It is best to keep it in an enclosure with at around 65%. This is pretty similar easy to maintain if you place a hygrometer in the enclosure and mist it when needed.

The humidity level is important for your pet’s well-being, especially during hot months. Curly Hair Tarantulas need more space than their height, so you will need an enclosure that is at least three or four inches high but which maintains a good ambient humidity nonetheless.

Curly Hairs molt often, and humidity needs to good every single time. It’s probably the most important factor in their care.

Their substrate should be a mixture of peat moss or an acrylic-free potting soil, layered with coconut husk bedding. This type of substrate will allow your pet to burrow through the substrate, ensuring proper humidity and temperature.

You should avoid adding water to your tarantula’s tank more than twice a day, but always leave in small water bowl. To prevent drowning, make sure the dish is shallow and put some pebbles or gravel just below the surface of the water.

Do not add cotton wool or sponge to the water; these materials can attract microbes. Water dishes should also be kept clean. A curly hair tarantula may be inclined to move water dishes, so be to sure to keep an eye on this.

Curly Hair Tarantula care

Diet and feeding schedule

This tarantula has a relatively low maintenance diet.

When choosing prey items for your tarantula’s diet, remember that they are fragile and don’t like to tackle huge creatures. Therefore, feeding your tarantula appropriately-sized bugs is crucial to their health.

Most tarantula keepers feed their slings as often as possible. Depending on the type of prey item, the feeding schedule may vary from once a week to three times a day. Adults, on the other hand, should be fed once or twice a week.

For spiderlings, appropriate prey items include:

  • pinhead crickets
  • flightless fruit flies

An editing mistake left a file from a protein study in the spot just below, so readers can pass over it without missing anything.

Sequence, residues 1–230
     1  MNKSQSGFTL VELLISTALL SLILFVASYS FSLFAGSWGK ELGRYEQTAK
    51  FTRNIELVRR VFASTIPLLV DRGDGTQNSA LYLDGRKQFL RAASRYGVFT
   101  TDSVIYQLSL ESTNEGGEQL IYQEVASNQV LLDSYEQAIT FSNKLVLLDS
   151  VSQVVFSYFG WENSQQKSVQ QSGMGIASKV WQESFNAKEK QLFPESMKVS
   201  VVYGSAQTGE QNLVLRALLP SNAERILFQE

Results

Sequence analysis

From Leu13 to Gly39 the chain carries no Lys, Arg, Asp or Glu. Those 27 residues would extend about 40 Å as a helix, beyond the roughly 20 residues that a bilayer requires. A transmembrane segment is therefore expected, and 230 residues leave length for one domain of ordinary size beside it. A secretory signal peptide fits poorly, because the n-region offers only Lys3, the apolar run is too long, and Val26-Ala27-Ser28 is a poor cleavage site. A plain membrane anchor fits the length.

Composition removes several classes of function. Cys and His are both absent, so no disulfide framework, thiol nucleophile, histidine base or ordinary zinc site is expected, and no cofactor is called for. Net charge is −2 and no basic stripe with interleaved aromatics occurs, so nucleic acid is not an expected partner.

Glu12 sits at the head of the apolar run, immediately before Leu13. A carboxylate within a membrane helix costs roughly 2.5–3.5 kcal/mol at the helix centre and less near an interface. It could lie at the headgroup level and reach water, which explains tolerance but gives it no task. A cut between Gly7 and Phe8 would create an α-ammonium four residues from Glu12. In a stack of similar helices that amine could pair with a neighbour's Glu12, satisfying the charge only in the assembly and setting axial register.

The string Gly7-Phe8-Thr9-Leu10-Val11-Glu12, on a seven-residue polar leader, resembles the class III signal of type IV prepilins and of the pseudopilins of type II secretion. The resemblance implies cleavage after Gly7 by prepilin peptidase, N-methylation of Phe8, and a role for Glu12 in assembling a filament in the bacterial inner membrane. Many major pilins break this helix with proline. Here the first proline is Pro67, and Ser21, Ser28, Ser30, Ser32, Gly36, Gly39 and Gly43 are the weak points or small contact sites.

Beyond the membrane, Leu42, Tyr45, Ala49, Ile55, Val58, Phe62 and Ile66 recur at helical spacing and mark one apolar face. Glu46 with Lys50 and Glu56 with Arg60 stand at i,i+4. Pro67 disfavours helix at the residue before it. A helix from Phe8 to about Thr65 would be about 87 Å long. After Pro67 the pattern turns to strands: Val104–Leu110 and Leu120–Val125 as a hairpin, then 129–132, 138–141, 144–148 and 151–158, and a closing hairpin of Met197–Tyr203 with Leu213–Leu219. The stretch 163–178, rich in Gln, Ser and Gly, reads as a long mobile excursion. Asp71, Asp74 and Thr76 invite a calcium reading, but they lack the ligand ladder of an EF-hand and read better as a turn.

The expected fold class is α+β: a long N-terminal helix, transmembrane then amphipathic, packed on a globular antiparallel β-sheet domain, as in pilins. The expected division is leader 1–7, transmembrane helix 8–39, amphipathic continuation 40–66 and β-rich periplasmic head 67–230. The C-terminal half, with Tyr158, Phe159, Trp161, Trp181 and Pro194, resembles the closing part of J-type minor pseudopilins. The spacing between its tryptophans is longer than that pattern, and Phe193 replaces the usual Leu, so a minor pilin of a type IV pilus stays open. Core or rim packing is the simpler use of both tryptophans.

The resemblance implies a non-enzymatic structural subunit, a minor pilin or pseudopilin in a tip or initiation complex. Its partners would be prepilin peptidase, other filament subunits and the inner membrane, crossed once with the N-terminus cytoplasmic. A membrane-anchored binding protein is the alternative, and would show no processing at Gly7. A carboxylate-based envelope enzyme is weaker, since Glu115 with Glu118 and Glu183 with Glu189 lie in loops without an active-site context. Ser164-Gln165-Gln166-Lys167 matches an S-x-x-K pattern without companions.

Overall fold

• confused flour beetle larvae

For adults, appropriate items include:

  • crickets
  • locusts
  • hornworms
  • waxworms
  • mealworms
  • Dubia roaches

When feeding young tarantulas crickets, most experienced keepers recommend killing the crickets first so that there’s no possibility of them kicking the spider and injuring it.

Curly Hair Tarantula care
Curly Hair Tarantula (Tliltocatl albopilosus) crawling around


The life span of a curly hair tarantula varies, but the average life expectancy of a female tarantula is around eight to 10 years. Male tarantulas, on the other hand, tend to live only four to five years in captivity.

In the wild, male tarantulas wander off more often, dying of predators. Luckily, the care for both sexes is the same, and even if the males only live five years, that still isn’t bad for a small animal.

Curly Hair Tarantulas are fairly easy to keep and are good pets. They are small and docile, and only require moderate handling. You should only handle them a few times per week, and never for long periods of time.

While a curly hair tarantula requires minimal exercise, it does need a humid environment to stay healthy. It needs a humidity level of around sixty-five percent and regular access to water.

Its molt occurs once a year, and you should handle your tarantula carefully during this time to prevent damaging its new exoskeleton. You can keep a Curly Hair Tarantula for as long as you care for it properly.


While the Curly Hair Tarantula is a fairly docile spider, it is still important to know how to handle it safely. While most bites from this species are not medically significant, it can fall from a height and cause itself serious injuries. Therefore, you must only handle it on the floor to keep the tarantula safe.

It is vital to avoid dropping a curly hair tarantula from more than a couple of inches. Not only will you likely harm it, but you could also cause it stress by handling it improperly. Also, avoid poking it from behind, as this may lead to it kicking hairs at you. If you feel that the tarantula is calm, handling is fine, but caution is always a must for its safety.